As a kid, Morris Beach was Anderson’s adventure story. He fished and crabbed all day, passed out his catch among neighbors, swatted away insects. He set up a makeshift golf course in the land leading to Job’s Point. Now overgrown, at one point, owners were planning a house with a tennis court. “I was like the Little Rascals,” he said. “I’d pretend I was in a boat.” His sons now do much of the same.

The adults, he recalled, made the most of their time. “When I was growing up, this was party central,” he said. “They used to party hard.”

Camera icon Elizabeth Robertson
While out walking in their neighborhood, “Millie,” a 175-pound English mastiff; Millie’s human, Eric Anderson; and their neighbor Peter Shelton stop to visit.

Morris Beach took a hit during Hurricane Sandy. One house with a forgotten record collection had been in disrepair. It was torn down after the storm. Anderson tore down his father’s flooded house behind his own and replaced it with a screened-in gazebo.

For these prominent African American families, shut out of other communities, Morris Beach was never a compromise, more an opportunity, as Jennie Morris subdivided the land at the end of about two miles down narrowing Jeffers Landing Road, and sought out a lively community of like-minded buyers. It clicked for decades.

Quieter now, Morris Beach once drew an exclusive social scene. “I met some of the most prominent black people of the era,” said Shelton, “judges, political writers, and musicians. They would visit here.”

Morris Beach, of course, has changed, is changing.

“It’s changing color,” Shelton says of the neighborhood — though also, at that moment, the sky to the west. “Eventually, this will probably end up being all white.”

Over the years, Morris Beach lost much of the old social cohesion and became just neighborly. It bothers Shelton in some ways, but not in others. It’s true of many such enclaves of its era. Shelton’s new neighbors share in the affection for their obscure getaway, with its nightly display of idiosyncratic beauty.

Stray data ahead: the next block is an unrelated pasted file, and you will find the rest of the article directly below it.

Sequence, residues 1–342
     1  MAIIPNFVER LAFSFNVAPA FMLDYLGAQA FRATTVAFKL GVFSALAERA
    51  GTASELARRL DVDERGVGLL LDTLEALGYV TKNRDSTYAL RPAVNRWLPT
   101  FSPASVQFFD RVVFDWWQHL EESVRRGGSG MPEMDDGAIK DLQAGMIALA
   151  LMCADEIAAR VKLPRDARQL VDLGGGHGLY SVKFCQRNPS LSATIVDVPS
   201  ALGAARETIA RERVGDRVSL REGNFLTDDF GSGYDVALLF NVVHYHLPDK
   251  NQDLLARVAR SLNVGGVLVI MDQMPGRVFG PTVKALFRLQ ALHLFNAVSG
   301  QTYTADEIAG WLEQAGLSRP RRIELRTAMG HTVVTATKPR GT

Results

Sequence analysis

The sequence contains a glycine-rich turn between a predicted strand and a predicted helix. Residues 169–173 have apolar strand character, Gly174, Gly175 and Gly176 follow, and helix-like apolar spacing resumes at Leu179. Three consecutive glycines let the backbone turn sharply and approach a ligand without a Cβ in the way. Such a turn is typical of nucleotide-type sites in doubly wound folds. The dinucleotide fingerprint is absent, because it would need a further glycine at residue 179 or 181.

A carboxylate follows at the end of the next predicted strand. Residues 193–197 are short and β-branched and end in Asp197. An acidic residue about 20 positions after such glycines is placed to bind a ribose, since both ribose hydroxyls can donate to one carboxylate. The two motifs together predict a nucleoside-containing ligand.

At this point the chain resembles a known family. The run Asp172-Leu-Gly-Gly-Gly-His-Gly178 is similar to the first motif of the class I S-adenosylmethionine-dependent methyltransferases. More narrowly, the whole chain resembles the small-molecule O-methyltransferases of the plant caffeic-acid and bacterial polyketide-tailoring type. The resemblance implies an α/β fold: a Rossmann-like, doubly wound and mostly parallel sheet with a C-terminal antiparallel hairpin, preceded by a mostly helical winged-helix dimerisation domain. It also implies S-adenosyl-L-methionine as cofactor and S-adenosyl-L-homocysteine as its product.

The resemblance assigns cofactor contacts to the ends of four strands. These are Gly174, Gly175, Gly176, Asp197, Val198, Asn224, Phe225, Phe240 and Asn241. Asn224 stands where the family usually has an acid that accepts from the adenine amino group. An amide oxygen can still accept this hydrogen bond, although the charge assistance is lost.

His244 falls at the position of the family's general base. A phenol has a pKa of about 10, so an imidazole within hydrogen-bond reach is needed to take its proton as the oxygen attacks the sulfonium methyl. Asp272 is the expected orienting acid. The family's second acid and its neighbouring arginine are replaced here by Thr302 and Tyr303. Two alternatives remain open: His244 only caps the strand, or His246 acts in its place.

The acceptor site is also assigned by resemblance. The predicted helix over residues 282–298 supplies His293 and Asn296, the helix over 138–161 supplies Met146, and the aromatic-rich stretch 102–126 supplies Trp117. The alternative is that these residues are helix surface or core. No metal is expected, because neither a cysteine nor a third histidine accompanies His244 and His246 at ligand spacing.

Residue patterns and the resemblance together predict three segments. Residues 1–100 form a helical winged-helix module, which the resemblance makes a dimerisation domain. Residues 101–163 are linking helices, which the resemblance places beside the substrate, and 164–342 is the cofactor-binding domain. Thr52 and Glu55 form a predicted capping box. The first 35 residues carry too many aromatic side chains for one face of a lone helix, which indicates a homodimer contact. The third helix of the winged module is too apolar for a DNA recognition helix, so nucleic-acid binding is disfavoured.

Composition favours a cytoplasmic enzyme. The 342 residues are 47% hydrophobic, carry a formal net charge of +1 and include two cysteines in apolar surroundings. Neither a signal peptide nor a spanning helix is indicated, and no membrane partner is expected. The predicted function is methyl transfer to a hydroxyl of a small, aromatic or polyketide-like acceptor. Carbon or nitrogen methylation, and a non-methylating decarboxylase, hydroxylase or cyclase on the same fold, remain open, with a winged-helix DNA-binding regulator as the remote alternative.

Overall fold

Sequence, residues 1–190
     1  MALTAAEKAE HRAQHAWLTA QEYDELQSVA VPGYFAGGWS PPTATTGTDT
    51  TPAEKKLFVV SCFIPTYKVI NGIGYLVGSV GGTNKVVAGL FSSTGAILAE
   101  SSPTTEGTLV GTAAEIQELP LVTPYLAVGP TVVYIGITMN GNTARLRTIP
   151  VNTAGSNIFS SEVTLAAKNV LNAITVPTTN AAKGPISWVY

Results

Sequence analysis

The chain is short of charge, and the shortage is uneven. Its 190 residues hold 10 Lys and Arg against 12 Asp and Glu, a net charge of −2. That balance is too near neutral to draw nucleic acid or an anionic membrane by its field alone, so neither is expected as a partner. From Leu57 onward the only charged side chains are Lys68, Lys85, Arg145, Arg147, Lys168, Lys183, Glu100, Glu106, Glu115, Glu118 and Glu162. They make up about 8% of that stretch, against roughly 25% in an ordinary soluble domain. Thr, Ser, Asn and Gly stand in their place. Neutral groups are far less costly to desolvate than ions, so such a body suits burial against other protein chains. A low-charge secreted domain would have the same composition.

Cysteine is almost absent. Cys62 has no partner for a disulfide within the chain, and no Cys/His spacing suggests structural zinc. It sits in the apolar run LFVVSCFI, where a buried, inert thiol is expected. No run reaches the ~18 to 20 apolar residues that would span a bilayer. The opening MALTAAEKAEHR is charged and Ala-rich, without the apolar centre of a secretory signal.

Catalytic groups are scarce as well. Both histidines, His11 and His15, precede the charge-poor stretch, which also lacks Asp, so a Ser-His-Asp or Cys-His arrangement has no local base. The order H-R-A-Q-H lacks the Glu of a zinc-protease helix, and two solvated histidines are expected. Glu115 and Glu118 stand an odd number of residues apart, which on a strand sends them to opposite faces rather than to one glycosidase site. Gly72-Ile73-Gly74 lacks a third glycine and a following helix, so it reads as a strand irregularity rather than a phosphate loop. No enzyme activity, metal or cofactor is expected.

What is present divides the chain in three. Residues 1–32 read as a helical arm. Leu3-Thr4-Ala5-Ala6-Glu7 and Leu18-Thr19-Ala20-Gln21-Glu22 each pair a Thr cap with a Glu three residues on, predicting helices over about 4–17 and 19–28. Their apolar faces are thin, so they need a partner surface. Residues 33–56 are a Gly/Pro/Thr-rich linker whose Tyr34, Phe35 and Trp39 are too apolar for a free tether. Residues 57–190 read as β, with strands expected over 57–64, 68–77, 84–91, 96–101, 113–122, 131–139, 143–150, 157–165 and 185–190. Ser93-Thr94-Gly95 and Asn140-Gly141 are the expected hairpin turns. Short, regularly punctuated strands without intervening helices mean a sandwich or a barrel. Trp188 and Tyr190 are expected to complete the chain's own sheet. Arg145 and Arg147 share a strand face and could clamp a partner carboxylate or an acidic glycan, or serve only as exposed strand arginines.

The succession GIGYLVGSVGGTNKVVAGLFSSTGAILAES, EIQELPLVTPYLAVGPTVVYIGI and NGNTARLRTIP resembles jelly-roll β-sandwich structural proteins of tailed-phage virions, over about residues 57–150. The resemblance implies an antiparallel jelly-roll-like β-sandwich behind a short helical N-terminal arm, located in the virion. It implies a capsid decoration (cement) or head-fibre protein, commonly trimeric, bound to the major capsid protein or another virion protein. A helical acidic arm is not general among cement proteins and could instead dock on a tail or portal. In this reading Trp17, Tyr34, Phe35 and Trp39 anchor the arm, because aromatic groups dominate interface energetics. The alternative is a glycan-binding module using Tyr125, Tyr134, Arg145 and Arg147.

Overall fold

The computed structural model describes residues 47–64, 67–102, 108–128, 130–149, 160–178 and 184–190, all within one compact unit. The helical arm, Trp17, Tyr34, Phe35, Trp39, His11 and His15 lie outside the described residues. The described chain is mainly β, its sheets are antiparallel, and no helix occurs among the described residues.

Camera icon Elizabeth Robertson
A memorial to Jennie E. Morris, the founder of Morris Beach in Egg Harbor Township.

The Morris Beach Property Owners Association still meets in the gazebo twice a summer. The beach itself runs along a stretch of land that is, in fact, a public street: Waterway Avenue. The pier, a truncated version of the pier that once extended out to meet rum runners, is owned by the association.

Anyone can come and spend the day at Morris Beach, but most either don’t know it’s there, Shelton says, or are locals who view it as the African American beach. Anderson says the gawkers circle in, perhaps looking for a For Sale sign. Over the years, there has been the occasional racially hostile drive-through. Mostly, the enclave’s happily overlooked.

After Sandy, veteran Philadelphia lawyer Nolan Atkinson Jr. rebuilt his house, located in the community’s low-lying middle. It’s now raised up from flood levels, as are several Morris Beach homes. He drives his Fiat from Philadelphia on Friday nights. His wife, Elizabeth, puts out food for hummingbirds.

Atkinson, Mayor Kenney’s chief diversity officer, has been coming to Morris Beach since 1955, when his father rented a house for a couple of weeks.

“I’ve liked it,” he said. “It’s a place to get away from Philadelphia. Saturday’s my day here, and I’m back in Philadelphia.”

His ties to the place have only deepened over the years.

“It was more of a community earlier,” he said. “But as I’ve gotten older, it’s more important for me for it to be a place for my family to come.

“When I first started coming here, it was substantially African American,” he said. “It’s now changed racially, so it’s a very thoroughly integrated community, which makes it a different place, just in nature. But everything changes. Nothing stays the same.  Not over a 50-, 60-year period.”

About this Series:
Shore is about everyday people and their meaningful times spent down the Shore. Find each installment — and be sure to leave a comment — at Philly.com/ShoreSeries.